Back in 2010, I posted on my SSRN site a paper called “The Charter of Rights and Freedoms and Workplace Law: A Guide for Beginners”. The landscape has changed since then, particularly with the release of the Supreme Court of Canada’s decision in Ontario v. Fraser.
I finally got around to updating the paper to incorporate the Fraser decision, and several other lower court decisions following on its heels. If you are interested in catching up on where we are at in terms of the application of the Charter to the law of work, this is a good paper for you. I have attempted to limit the use of legal jargon and to write a summary of the law assuming no prior background in studying the Charter.
My motivation was to write something I could use when teaching the Charter to non-law students, including my graduate business students. But I think the paper is also useful for anyone interested in learning about how the Charter operates, including new law students and legal experts from other jurisdictions. It is not a ‘normative’ paper: that is, I am not making an argument or critiquing the law as I would do in a law journal paper. I am just attempting to explain it in layperson’s terms. Not an easy task, I have to say, given the complex path our Supreme Court has led us down. However, if you are interested in learning more about whether our governments can legislate wage freezes for teachers, ban the right of postal workers and airline workers to strike, or restrict the right to picket, and other such questions, this paper will give you the necessary tools upon which to build your analysis.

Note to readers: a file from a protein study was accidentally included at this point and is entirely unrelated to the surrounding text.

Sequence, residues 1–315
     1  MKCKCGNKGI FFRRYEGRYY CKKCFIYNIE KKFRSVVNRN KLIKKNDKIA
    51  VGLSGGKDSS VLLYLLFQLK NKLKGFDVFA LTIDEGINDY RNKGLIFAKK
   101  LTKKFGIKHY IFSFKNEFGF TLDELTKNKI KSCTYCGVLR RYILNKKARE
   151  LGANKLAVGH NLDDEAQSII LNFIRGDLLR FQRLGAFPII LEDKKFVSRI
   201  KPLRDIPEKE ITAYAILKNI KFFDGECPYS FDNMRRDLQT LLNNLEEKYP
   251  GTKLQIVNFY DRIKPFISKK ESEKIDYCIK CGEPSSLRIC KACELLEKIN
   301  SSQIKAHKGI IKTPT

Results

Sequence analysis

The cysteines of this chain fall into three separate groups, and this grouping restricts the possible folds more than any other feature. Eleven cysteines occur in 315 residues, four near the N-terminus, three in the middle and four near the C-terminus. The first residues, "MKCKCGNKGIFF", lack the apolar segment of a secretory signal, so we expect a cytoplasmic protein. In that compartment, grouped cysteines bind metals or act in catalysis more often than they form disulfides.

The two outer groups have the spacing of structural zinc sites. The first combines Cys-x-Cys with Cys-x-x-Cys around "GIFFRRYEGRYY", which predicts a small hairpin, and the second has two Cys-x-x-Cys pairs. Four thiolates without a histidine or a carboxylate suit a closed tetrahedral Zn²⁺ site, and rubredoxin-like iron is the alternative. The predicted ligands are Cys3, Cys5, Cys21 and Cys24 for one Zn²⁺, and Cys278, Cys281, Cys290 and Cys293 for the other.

You can download the paper here for free. Just follow the link and hit the Download this Paper button. A pdf version will download to your computer.
As always, comments and suggestions welcome.